Tag Archives: Robert Cecil

Lambeth

1 - Entrance to Lambeth Palace and Church of St Mary at Lambeth.JPG

Another in the occasional series on “Far-flung Lost London” …

Lambeth was first recorded as Lambehitha in 1062.  It takes its name  from the Old English for a place where lambs were either landed from or else boarded onto boats.

Lambeth Palace

2 - Entrance to Lambeth Palace.JPG

3 - View of Lambeth Palace - and Palace of Westminster - from tower of church.JPG

Lambeth Palace, the London residence of the Archbishop of Canterbury,  was originally built here in the thirteenth century, and subsequently extended in the late fifteenth and sixteenth, under Henry VII and Mary respectively.  The surviving Chapel and Lollard’s Tower date to the late Medieval; the Gate-House, built by Cardinal John Morton, to the post-Medieval, to  1495.  The famous Garden was probably originally laid out in the late fifteenth or sixteenth century.

St Mary-at-Lambeth

4 - St Mary-at-Lambeth exterior.JPG

5 - St Mary-at-Lambeth interior.JPG

The church of St Mary-at-Lambeth was originally built in the  eleventh century, and subsequently rebuilt in the fourteenth and  eighteenth.  The tower of 1377 survives from the fourteenth-century rebuild.

6 - Tradescant tomb.JPG

Here are buried, among others,  John Tradescant Sr. (c. 1580-1638), the gardener to Robert Cecil, 1st Earl of Salisbury; and his son John Tradescant Jr. (1608-62), the gardener to Charles II.  As well as being gardeners, the  Tradescants were also  travellers, collectors of curiosities, and joint founders of the Musaeum Tradescantianum, in a building called “The Ark” in Vauxhall, which was England’s first museum open to the public (at a cost of 6d).  In time, their  collections were  acquired by Elias Ashmole, and in 1691 donated by him to Oxford University, to form the nucleus of the Ashmolean Museum.

“Her Majesty departed this life” (John Manningham, 1603)

death-mask-of-elizabeth-i

On this day in 1603, John Manningham wrote:

“This morning about three at clock her Majesty [Elizabeth I] departed this life, mildly like a lamb, easily like a ripe apple from the tree … .  About ten at clock the Council and divers noblemen having been awhile in consultation, proclaimed James VI, King of Scots, the King of England, France and Ireland, beginning at Whitehall gates, where Sir Robert Cecil read the proclamation which he carried in his hand, and after read again in Cheapside.  Many noblemen, lords spiritual and temporal, knights, five trumpets, many heralds.  The gates at Ludgate and portcullis were shut and down, by the Lord Mayor [Robert Lee]’s command, who was there present, with the Aldermen, etc., and until he had a …  promise … that they would proclaim the King of Scots King of England, he would not open.  Upon the death of a king or queen in London the Lord Mayor of London is the greatest magistrate in England”.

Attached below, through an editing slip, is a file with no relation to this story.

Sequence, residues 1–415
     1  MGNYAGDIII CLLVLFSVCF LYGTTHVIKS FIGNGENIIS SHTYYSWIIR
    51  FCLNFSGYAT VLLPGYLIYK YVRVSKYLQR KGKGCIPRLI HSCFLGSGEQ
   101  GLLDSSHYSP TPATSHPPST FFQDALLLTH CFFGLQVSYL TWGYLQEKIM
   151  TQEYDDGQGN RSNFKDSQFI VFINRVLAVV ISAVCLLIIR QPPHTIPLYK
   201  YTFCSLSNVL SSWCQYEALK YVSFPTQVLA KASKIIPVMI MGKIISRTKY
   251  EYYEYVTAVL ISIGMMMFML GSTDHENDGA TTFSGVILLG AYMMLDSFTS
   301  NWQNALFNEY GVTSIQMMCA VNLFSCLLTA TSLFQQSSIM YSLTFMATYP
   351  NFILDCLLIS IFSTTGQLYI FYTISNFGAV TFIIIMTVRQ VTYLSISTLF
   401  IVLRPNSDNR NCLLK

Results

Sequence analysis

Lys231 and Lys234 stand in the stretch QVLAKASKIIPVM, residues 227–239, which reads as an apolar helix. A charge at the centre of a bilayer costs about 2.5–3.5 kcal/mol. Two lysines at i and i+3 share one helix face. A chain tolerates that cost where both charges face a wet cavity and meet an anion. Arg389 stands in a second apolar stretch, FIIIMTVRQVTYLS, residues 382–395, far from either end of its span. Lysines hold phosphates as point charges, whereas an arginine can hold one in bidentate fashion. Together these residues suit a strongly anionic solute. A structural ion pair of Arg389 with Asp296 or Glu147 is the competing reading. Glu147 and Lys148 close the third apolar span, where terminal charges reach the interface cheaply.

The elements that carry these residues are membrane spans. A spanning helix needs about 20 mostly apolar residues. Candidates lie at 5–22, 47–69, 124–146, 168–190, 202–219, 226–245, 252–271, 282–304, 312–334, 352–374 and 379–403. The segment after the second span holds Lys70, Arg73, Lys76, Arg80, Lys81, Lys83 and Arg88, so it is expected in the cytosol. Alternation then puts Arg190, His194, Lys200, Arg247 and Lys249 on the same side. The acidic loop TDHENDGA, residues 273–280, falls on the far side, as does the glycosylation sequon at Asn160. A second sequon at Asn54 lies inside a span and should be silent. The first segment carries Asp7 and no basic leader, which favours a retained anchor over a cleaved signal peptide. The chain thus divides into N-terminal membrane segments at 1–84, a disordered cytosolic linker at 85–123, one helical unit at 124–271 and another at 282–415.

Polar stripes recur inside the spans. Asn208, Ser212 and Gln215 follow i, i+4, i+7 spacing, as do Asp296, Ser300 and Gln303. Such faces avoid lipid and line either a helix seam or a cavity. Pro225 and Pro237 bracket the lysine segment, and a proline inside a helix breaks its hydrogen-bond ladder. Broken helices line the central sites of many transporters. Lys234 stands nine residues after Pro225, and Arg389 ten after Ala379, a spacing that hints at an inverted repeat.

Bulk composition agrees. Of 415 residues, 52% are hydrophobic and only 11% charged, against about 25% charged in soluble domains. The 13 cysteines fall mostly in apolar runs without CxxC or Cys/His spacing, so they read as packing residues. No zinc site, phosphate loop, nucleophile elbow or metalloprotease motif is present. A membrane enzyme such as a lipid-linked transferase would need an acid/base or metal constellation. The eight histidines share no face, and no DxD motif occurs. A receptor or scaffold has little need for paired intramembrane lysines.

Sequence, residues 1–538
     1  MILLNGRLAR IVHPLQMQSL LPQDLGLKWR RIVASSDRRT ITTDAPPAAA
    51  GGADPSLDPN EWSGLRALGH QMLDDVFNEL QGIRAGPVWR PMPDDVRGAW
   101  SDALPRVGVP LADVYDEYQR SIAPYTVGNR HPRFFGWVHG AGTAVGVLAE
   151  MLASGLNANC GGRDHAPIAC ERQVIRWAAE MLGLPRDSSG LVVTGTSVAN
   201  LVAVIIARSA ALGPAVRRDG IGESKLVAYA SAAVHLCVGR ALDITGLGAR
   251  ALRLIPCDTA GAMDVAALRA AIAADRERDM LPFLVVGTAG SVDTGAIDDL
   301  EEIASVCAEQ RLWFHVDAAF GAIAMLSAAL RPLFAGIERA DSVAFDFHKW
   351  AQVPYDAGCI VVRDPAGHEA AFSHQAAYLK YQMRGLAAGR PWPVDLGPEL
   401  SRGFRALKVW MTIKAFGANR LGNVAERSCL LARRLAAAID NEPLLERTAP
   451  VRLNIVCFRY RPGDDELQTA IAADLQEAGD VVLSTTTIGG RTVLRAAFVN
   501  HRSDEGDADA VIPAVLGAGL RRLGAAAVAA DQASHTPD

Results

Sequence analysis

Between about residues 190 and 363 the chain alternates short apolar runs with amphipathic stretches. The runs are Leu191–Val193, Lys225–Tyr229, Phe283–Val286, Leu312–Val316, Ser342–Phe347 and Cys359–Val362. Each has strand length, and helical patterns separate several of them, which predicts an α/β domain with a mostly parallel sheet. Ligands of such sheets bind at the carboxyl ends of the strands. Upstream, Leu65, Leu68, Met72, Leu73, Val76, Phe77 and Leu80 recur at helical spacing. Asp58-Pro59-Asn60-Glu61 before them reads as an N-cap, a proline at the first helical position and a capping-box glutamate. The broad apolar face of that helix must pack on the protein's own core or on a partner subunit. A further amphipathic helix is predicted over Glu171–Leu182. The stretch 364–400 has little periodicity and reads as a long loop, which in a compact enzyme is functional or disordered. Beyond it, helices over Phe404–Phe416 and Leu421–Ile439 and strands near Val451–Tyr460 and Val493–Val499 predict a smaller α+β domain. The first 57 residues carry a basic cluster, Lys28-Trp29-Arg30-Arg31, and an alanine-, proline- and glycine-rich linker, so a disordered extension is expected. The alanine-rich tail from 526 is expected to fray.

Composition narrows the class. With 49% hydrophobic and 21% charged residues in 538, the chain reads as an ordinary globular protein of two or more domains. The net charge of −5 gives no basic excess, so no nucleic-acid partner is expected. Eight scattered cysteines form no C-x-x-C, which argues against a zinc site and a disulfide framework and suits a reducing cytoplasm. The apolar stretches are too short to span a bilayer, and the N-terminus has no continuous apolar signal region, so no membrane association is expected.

Elizabeth’s reign was  widely, although by no means universally,  regarded as some sort of “Golden Age” of – comparative – stability, peace and prosperity, of exploration and discovery, and of the arts, in particular the performing arts, bringing “Melody and joy and comfort to all true Englishmen and women”.

Essex’s rebellion (1601)

The death of Essex from a broadside

On this day in 1601, Robert Devereux, the 2nd Earl of Essex, allegedly led an unsuccessful attempt to overthrow the then Queen,  Elizabeth I, and her court, a treasonous act for which he was later tried, convicted and, on February 25th, beheaded (at the Tower of London).  Four of his supporters, Sir Christopher Blount, Sir Henry Cuffe, Sir Charles Danvers and Sir Gelli Meyrick,  were also executed, on March 5th, although all the  others, including the Earl of Southampton, were spared.

A painting of Essex

Essex had earlier been publicly disgraced and politically and financially ruined by being placed under house arrest and removed from his office as Lord Lieutenant of Ireland, for  failing to execute Elizabeth’s orders to him to suppress an insurrection in that country (led by the Earls of Tyrone).  It was in Essex House – on the Strand – that he hatched his crackpot  plot.  On February 7th, 1601 he took a boat from Essex Steps to the “Globe” in Southwark to bribe Shakespeare’s “Lord Chancellor’s Men” to stage a special performance of “Richard II”, overplaying the scene in which the King was deposed, with a view to encouraging support among the watching crowd.  The plan began to backfire on the morning of the fateful following day, February 8th, when four of the Queen’s men arrived to arrest him, and he was forced to take them hostage (one of them being Thomas Egerton, the 1st Viscount Brackley, the Lord Keeper).  However, he decided to carry   on regardless, and, with some two hundred followers, marched from Essex House upon the City.  When  they  arrived at the gates, they met with a hostile reception, having by that time  already been denounced as traitors (by Robert Cecil, the 1st Earl of Salisbury, the  Secretary of State).  At this, most of Essex’s  supporters deserted him, and he was forced to return to Essex House, where after a short siege, during which he attempted to destroy any evidence that might incriminate him, he found himself forced to surrender to the Queen’s men (under the  Earl of Nottingham).